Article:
Ancient ‘unknown Kushan script’ finally deciphered

The writing system of the Kushans, which is still unknown, was in use within Central Asia between the years 200 BCE and 700 CE.

A new writing system has been uncovered by a research team at the University of Cologne’s Department of Linguistics that provides more insight into the history of the Kushan Empire, which was a prominent state of the ancient world.

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Where the bilingual inscription was discovered in Tajikistan. Image Credit: Bobomullo Bobomulloev

At the University of Cologne, a crew of new researchers managed to decipher an enigma that has been confounding scholars for more than 70 years: the “unknown Kushan script.” Svenja Bonmann, Jakob Halfmann, and Natalie Korobzow studied images of inscriptions detected in caves, as well as symbols on bowls and clay pots from a few Central Asian countries for a number of years to assemble the puzzle.

On March 1, 2023, a report of a partial decipherment of the unknown Kushan script was exposed at an online conference of the Academy of Sciences of the Republic of Tajikistan. As of now, it is estimated that 60% of the symbols are able to be decoded, and the group is still aiming to read the rest of the characters. A thorough explanation of the decipherment has been printed in the publication Transactions of the Philological Society with the title “A Partial Decipherment of the Unknown Kushan Script.”

Breakthrough achieved through new discovery

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Map of the find sites of the various inscriptions which have now been identified by linguists as an ancient Kushan language. Image Credit: Bonmann, S. et. al. / CC BY-NC-ND 4.0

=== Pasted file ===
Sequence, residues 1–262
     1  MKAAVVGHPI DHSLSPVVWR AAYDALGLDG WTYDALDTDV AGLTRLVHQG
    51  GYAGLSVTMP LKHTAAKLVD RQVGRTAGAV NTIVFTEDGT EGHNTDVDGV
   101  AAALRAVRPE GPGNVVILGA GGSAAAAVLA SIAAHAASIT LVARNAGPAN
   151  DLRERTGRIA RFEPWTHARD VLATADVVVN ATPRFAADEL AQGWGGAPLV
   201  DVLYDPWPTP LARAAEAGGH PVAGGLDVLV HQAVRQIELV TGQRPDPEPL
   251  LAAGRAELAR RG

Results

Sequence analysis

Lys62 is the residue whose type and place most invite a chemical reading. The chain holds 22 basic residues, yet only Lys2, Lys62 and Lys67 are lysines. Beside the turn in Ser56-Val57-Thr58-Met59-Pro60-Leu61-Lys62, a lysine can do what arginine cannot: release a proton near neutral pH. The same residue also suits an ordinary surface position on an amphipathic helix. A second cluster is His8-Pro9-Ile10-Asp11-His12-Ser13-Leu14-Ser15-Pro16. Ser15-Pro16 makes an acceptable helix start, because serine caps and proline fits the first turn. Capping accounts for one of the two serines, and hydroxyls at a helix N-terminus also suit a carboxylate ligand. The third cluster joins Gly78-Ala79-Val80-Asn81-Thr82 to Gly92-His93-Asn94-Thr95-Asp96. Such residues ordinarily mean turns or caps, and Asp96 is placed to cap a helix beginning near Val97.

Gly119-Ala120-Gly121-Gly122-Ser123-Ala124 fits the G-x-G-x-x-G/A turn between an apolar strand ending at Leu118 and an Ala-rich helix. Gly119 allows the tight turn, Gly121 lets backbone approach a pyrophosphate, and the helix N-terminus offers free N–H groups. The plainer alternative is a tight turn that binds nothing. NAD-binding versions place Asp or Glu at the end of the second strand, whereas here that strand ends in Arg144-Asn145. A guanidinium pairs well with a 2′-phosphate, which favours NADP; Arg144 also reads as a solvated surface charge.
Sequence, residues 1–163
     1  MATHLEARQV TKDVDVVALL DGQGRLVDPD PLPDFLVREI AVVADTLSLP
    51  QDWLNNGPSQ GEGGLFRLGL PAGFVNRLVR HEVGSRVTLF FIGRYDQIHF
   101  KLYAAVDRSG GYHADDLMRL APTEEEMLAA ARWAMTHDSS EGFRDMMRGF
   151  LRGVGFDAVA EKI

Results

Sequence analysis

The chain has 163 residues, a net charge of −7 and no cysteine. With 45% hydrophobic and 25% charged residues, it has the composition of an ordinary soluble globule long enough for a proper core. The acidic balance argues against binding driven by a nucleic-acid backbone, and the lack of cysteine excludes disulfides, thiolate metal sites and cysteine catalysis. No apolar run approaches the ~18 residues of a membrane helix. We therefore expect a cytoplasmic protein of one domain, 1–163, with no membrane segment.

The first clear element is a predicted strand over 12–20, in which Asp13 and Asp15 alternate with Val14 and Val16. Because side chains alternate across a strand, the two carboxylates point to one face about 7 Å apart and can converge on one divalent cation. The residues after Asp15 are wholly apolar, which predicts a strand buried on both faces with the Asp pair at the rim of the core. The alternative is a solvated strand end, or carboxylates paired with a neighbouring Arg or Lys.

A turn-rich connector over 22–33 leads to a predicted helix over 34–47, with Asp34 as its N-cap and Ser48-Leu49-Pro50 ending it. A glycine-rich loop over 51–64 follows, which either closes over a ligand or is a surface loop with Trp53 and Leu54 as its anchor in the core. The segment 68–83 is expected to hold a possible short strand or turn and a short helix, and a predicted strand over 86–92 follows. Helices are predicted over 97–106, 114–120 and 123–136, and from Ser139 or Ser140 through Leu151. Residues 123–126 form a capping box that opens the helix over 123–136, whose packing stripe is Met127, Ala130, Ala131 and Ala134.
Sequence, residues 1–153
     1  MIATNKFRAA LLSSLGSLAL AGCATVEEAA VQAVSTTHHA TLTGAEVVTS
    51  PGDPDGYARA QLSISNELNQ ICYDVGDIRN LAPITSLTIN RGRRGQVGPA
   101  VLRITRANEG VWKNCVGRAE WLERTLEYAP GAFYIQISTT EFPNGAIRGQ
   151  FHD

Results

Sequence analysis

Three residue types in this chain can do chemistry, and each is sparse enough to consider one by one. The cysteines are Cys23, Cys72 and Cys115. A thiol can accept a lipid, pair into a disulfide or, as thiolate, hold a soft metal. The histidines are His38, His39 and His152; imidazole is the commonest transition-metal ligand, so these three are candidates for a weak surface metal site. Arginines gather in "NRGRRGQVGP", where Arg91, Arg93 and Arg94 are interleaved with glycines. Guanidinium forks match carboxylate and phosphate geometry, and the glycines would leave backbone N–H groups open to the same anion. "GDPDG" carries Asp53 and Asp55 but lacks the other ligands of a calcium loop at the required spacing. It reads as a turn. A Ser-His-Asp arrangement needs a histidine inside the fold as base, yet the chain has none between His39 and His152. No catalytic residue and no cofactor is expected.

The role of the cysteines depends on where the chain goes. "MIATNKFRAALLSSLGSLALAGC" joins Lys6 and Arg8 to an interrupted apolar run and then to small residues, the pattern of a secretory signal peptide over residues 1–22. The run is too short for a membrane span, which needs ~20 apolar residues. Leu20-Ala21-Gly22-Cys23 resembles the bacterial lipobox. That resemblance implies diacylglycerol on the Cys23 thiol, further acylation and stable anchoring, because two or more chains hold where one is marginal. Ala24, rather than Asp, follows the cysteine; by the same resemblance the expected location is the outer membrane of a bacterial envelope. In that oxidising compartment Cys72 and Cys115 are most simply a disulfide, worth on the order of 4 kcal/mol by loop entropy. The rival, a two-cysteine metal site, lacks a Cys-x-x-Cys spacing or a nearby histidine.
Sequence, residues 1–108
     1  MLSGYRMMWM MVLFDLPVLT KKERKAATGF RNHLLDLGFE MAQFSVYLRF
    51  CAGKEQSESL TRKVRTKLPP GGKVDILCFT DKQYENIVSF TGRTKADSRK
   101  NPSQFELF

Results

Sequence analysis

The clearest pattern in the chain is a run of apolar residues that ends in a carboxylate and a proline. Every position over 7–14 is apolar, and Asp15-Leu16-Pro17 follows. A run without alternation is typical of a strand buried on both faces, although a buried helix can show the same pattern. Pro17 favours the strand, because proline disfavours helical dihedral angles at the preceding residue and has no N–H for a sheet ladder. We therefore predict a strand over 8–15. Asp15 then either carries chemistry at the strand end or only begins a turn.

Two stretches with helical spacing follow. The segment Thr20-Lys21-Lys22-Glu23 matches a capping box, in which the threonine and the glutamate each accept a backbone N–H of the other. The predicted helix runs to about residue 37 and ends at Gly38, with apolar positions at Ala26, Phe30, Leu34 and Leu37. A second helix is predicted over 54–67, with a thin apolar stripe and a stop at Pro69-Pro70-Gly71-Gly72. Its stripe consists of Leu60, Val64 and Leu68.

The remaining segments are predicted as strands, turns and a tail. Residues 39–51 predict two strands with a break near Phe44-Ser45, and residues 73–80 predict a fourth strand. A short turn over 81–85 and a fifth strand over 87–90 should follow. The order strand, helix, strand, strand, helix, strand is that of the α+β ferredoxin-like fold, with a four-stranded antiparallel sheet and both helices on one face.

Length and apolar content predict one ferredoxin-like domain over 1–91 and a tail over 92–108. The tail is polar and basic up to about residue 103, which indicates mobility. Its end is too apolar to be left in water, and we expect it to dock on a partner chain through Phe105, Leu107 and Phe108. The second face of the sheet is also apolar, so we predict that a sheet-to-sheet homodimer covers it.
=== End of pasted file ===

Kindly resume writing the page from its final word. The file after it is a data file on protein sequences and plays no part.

The writing system of the Kushans, which is still unknown, was in use within Central Asia between the years 200 BCE and 700 CE. It is believed to have been used by the early nomadic people of the Eurasian steppe, such as the Yuezhī, and the ruling dynasty of the Kushans. The Kushan Empire played a major role in the diffusion of Buddhism in East Asia, as well as in the development of monumental architecture and artworks.

To this point, many mostly brief inscriptions have been encountered, mainly from Tajikistan, Afghanistan and Uzbekistan. Additionally, a longer trilingual inscription was discovered by French archaeologists in the 1960s at Dašt-i Nāwur in Afghanistan: on a boulder at 4,320 m above sea level on Mt. Qarabayu, located about 100 km southwest of Kabul.

It had been known since the 1950s that a writing system existed, but it had never been deciphered. However, in 2022 a bilingual inscription was discovered, carved into a rock face in the Almosi Gorge near Dushanbe in Tajikistan. The text contained sections written in the already known Bactrian language as well as an unknown Kushan script.

Several researchers initiated new efforts to crack the script after the find, but it was the linguists at the University of Cologne who were able to partially decode it in collaboration with Tajik archaeologist Dr. Bobomullo Bobomulloev, who played an important role in the uncovering and recording of the bilingual.